From the Droid Tales series

In a galaxy far, far away, three robots take a sandy trek.

In the heat of desert planet Tatooine, persnickety C-3PO leads playful R2-D2 and BB-8 across the dunes on an important mission. Along their journey, the trio encounters familiar figures from the Star Wars franchise, including speedy podracers, hooded Jawas, and an enormous, shaggy bantha, and also name-drops other notables such as Gen. Leia and Rey. As in the films, R2 and BB-8 communicate only through beeps and boops; C-3PO carries most of the narrative with his endless fussing about keeping his cohorts on track with their mission and grumbling about the sand, which delights and preoccupies the smaller bots. When the threesome reports back to their ship for duty, uptight C-3PO takes a well-deserved bath while R2 and BB-8 provide gentle comic relief. This graphic offering features large, bright illustrations that stretch over its pages, employing a cheery, eye-catching blue-and-gold palette. Standing out prominently against the sky-blue backgrounds, the generously sized text bubbles are stark white, just perfect for emerging comics readers. The exact purpose of the mission is never explicitly stated, although its importance is often repeated—think Waiting for Godot through a Star Wars lens. Young readers should relate to the experience of receiving vague orders with simultaneous injunctions not to get dirty.

Fun for droid devotees. (Graphic early reader. 5-9)

Pub Date: June 4, 2019

ISBN: 978-1-368-04346-5

Page Count: 64

Publisher: Disney Lucasfilm

Review Posted Online: March 27, 2019

Kirkus Reviews Issue: April 15, 2019

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An all-day sugar rush, putting the “fun” back into, er, education.


A young visionary describes his ideal school: “Perfectly planned and impeccably clean. / On a scale, 1 to 10, it’s more like 15!”

In keeping with the self-indulgently fanciful lines of If I Built a Car (2005) and If I Built a House (2012), young Jack outlines in Seussian rhyme a shiny, bright, futuristic facility in which students are swept to open-roofed classes in clear tubes, there are no tests but lots of field trips, and art, music, and science are afterthoughts next to the huge and awesome gym, playground, and lunchroom. A robot and lots of cute puppies (including one in a wheeled cart) greet students at the door, robotically made-to-order lunches range from “PB & jelly to squid, lightly seared,” and the library’s books are all animated popups rather than the “everyday regular” sorts. There are no guards to be seen in the spacious hallways—hardly any adults at all, come to that—and the sparse coed student body features light- and dark-skinned figures in roughly equal numbers, a few with Asian features, and one in a wheelchair. Aside from the lack of restrooms, it seems an idyllic environment—at least for dog-loving children who prefer sports and play over quieter pursuits.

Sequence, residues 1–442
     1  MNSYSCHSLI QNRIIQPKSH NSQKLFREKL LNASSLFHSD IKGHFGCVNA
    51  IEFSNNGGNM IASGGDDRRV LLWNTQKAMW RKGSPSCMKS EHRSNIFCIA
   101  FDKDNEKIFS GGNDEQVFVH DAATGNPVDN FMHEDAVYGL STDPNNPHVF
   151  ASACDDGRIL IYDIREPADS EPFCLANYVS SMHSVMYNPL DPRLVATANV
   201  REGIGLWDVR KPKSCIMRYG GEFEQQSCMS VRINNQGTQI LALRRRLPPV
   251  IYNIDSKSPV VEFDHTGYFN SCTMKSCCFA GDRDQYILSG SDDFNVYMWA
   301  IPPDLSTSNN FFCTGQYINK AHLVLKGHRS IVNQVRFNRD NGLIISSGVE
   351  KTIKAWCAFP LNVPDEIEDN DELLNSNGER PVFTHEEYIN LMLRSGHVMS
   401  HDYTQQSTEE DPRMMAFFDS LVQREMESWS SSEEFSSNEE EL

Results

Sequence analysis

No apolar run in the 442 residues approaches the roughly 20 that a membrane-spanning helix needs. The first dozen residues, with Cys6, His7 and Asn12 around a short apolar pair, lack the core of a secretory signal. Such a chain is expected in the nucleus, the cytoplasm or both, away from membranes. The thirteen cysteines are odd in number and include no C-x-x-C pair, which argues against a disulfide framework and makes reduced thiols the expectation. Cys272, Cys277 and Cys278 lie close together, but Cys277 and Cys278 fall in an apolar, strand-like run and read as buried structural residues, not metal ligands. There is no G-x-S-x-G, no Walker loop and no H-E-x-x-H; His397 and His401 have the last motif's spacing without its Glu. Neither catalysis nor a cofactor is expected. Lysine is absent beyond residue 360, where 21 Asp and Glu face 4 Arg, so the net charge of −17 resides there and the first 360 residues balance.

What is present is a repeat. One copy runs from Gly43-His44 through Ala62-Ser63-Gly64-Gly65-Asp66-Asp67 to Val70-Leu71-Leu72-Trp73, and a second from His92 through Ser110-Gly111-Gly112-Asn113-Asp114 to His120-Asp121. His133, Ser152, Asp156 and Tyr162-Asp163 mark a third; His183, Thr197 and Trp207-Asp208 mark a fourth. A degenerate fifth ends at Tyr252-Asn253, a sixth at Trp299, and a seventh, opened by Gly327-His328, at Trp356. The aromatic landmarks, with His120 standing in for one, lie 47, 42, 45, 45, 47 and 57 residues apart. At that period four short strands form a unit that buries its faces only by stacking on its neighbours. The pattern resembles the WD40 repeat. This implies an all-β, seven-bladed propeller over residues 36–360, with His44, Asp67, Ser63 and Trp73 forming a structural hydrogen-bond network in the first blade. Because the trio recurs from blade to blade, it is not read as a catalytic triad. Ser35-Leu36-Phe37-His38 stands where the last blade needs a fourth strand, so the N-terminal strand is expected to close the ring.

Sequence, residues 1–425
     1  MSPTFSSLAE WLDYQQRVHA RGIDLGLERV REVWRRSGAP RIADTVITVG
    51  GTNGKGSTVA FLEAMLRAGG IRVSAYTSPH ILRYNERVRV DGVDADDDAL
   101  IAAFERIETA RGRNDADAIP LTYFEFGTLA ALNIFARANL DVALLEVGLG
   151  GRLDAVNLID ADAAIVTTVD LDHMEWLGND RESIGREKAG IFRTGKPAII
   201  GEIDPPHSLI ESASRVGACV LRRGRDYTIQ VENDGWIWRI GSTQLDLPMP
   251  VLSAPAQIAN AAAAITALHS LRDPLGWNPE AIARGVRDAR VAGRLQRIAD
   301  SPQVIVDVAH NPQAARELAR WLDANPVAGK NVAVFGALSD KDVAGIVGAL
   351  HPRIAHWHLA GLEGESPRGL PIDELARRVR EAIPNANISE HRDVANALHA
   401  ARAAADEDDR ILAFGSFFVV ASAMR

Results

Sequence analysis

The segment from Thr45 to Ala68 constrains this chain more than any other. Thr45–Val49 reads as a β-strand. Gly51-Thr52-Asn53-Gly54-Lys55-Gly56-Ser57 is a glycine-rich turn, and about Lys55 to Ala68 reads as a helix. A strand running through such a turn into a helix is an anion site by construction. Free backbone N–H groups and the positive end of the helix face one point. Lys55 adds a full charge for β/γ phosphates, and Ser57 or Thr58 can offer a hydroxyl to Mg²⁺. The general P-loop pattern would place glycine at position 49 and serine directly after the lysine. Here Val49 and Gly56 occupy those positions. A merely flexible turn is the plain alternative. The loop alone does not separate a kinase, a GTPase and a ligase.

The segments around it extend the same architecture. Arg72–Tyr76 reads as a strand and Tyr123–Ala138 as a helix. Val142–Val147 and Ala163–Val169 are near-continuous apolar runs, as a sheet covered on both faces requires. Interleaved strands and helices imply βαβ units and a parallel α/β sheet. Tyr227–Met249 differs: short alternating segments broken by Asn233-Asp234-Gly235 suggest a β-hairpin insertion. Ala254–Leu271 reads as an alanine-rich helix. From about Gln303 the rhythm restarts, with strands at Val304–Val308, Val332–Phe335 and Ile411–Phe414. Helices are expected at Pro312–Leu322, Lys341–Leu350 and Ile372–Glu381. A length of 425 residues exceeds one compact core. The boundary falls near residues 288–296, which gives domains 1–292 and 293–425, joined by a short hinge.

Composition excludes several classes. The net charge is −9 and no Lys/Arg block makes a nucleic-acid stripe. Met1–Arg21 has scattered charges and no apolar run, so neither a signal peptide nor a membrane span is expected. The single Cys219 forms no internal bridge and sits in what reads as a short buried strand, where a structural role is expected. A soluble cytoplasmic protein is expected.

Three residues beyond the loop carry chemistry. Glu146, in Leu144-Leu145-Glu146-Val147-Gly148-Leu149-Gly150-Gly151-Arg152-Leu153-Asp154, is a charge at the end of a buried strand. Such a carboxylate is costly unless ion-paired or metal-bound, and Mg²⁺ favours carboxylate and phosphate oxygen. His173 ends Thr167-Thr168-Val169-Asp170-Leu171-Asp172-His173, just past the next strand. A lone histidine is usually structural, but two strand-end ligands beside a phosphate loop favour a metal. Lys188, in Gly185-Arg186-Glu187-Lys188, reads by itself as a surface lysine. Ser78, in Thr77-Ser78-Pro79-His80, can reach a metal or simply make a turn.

An all-day sugar rush, putting the “fun” back into, er, education. (Picture book. 6-8)

Pub Date: Aug. 13, 2019

ISBN: 978-0-525-55291-8

Page Count: 32

Publisher: Dial Books

Review Posted Online: July 14, 2019

Kirkus Reviews Issue: Aug. 1, 2019

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This story covers the few days preceding the much-anticipated Midnight Zombie Walk, when Stink and company will take to the...


From the Stink series

An all-zombie-all-the-time zombiefest, featuring a bunch of grade-school kids, including protagonist Stink and his happy comrades.

This story covers the few days preceding the much-anticipated Midnight Zombie Walk, when Stink and company will take to the streets in the time-honored stiff-armed, stiff-legged fashion. McDonald signals her intent on page one: “Stink and Webster were playing Attack of the Knitting Needle Zombies when Fred Zombie’s eye fell off and rolled across the floor.” The farce is as broad as the Atlantic, with enough spookiness just below the surface to provide the all-important shivers. Accompanied by Reynolds’ drawings—dozens of scene-setting gems with good, creepy living dead—McDonald shapes chapters around zombie motifs: making zombie costumes, eating zombie fare at school, reading zombie books each other to reach the one-million-minutes-of-reading challenge. When the zombie walk happens, it delivers solid zombie awfulness. McDonald’s feel-good tone is deeply encouraging for readers to get up and do this for themselves because it looks like so much darned fun, while the sub-message—that reading grows “strong hearts and minds,” as well as teeth and bones—is enough of a vital interest to the story line to be taken at face value.

Pub Date: March 13, 2012

ISBN: 978-0-7636-5692-8

Page Count: 160

Publisher: Candlewick

Review Posted Online: Dec. 14, 2011

Kirkus Reviews Issue: Jan. 1, 2012

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